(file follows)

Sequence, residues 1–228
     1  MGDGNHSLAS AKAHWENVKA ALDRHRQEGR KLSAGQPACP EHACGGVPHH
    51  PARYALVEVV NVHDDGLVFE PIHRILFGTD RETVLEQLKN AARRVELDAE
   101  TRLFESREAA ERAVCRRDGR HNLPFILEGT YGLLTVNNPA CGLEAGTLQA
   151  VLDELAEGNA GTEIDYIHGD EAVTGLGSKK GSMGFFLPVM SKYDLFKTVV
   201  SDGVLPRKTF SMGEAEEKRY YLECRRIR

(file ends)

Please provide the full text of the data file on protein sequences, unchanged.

Sequence, residues 1–228
     1  MGDGNHSLAS AKAHWENVKA ALDRHRQEGR KLSAGQPACP EHACGGVPHH
    51  PARYALVEVV NVHDDGLVFE PIHRILFGTD RETVLEQLKN AARRVELDAE
   101  TRLFESREAA ERAVCRRDGR HNLPFILEGT YGLLTVNNPA CGLEAGTLQA
   151  VLDELAEGNA GTEIDYIHGD EAVTGLGSKK GSMGFFLPVM SKYDLFKTVV
   201  SDGVLPRKTF SMGEAEEKRY YLECRRIR